Posted by Steve

Sangita Yoga on a cool San Diego evening

A wonderful addition to this year’s Confluence was having Naren from Sangita Yoga perform on Saturday night.

We’ve posted about him before: here (and especially here, about his album release).

Naren and his partners, notably Hansel on the tabla, bring an honest, traditional approach to their music. They emphasize the sacredness, and its long history, and how the music flows through our own understanding and inner workings.

His description on Saturday of kirtan’s being full of simple words so the audience can lose themselves in the devotion was the clearest, and really most beautiful, way of describing this bhakti practice that I’ve encountered. (I tend to want things more difficult. But here’s a time when simple is best.)

Below is just a taste, which doesn’t do them justice. This is from a song to Saraswati, which they always sing:

Posted by Steve

Ashtanga Yoga Confluence kirtan leader releases album

There’s news around the wonderful musician who will be performing at the 2013 Ashtanga Yoga Confluence (coming in less than three months now), Naren Schreiner.

He both has out a new CD / album / downloadable set of songs and a new website to accompany them.

You can get the songs at the website (no surprise!) right here. Here’s a little about the new album from the website:

In 2012, the Kali Mandir in Laguna Beach commissioned Naren and Sangita Yoga to oversee the musical direction of a traditional “Shyama Sangeet” album. Thus Esho Ma was born.

Naren was delighted when his first choice, Pankaj Mishra, agreed to play sarangi for the album. The sarangi is the most subtle and heart-stirring instrument for voice-accompaniment. A bowed string instrument, it is played by a very few in India.

The percussion was provided by Adi Keshava (Brian Campbell), an ardent devotee and gifted musician who studied tabla for over 9 years. For the album he played khol, which is a more traditional drum of Bengal, in order to preserve the authenticity of these old songs.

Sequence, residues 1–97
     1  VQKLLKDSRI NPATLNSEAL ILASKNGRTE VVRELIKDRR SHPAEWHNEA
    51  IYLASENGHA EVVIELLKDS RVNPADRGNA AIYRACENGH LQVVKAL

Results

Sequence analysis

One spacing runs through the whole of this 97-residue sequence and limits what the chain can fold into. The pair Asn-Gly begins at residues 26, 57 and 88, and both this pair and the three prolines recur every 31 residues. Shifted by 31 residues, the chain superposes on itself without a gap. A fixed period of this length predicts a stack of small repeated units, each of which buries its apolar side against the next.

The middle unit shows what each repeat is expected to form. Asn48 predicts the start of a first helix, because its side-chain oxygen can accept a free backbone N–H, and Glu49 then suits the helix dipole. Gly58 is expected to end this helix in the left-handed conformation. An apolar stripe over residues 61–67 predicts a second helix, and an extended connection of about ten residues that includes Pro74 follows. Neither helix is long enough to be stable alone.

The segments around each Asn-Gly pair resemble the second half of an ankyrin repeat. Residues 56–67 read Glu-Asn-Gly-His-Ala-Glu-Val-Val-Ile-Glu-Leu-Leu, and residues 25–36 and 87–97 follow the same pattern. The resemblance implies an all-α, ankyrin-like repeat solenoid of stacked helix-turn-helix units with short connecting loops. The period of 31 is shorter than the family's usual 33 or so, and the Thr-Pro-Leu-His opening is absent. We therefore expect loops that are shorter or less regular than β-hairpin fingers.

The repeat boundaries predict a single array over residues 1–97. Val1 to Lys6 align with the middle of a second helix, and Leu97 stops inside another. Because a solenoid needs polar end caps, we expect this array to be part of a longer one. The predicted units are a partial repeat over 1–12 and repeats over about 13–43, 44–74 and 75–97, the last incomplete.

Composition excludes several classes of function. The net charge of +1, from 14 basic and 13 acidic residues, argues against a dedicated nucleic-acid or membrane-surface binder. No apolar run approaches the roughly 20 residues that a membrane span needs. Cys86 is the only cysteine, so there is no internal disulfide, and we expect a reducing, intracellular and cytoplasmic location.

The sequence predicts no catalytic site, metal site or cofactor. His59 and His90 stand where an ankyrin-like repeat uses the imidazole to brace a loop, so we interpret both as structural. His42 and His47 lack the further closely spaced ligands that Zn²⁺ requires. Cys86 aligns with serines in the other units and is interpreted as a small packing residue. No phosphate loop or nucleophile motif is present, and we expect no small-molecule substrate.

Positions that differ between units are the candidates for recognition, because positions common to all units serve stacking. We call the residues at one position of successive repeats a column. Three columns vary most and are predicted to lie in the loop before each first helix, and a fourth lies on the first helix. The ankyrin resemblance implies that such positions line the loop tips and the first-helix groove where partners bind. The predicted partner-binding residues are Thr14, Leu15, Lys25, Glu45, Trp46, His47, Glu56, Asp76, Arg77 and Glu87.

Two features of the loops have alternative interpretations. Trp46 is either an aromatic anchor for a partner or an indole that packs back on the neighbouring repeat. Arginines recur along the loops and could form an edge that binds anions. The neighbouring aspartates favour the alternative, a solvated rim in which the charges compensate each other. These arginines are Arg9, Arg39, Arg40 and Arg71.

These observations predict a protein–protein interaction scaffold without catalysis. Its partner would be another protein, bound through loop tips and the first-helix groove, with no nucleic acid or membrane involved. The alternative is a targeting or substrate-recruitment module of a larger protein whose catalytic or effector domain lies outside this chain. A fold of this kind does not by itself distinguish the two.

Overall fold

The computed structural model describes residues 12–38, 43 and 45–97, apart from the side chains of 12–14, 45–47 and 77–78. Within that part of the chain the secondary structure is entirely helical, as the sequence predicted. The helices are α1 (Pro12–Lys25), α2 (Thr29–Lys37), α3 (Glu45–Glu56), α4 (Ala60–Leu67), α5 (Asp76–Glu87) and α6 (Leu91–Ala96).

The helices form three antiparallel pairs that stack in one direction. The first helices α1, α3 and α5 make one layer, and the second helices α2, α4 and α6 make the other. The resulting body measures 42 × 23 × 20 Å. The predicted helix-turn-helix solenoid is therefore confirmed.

The recording features real acoustic tanpuras , traditional cymbals and a beautiful 4-reed harmonium, to create a rich and authentic sound-scape that compliments the devotional and mystical songs. The album is a journey into another world–one that is ancient, sacred, beautiful and mysteriously close to our own.

I feel it’s worth noting that the Kali Mandir temple was one of two that our Yatra leader, Robert Moses, pointed Bobbie and me to when we asked for suggestions to get us prepared for our trip.

I also should note that the last time I mentioned Naren is was while I was toying with the idea of attending a workshop he was leading. I was decidedly on the fence.

I went. And it was terrific. Naren covered both some practical aspects to bhajans and kirtans and their history and how they fit into the religious traditions of India. He is very traditional and respectful in his approach, but equally warm and inviting. It is in no way dogmatic — if one takes “traditional” that way. He brings a peaceful, open and devoted manner to both his teaching and his singing and playing. But it also was fun, easy-going and very helpful.

Sadly, I haven’t been able to follow up on the workshop with as much harmonium playing as I should have. The Yatra reading list — I’m nearly done with the book we were told we absolutely had to read — has dominated a chunk of my free time.

But, more importantly, the afternoon with Naren added depth and my understanding of music as an aspect of yoga and of devotion, and that will serve me well — I hope — during our Indian pilgrimage.

Naren also will be great at the Confluence, I can promise you. Give his site a look.

Posted by Steve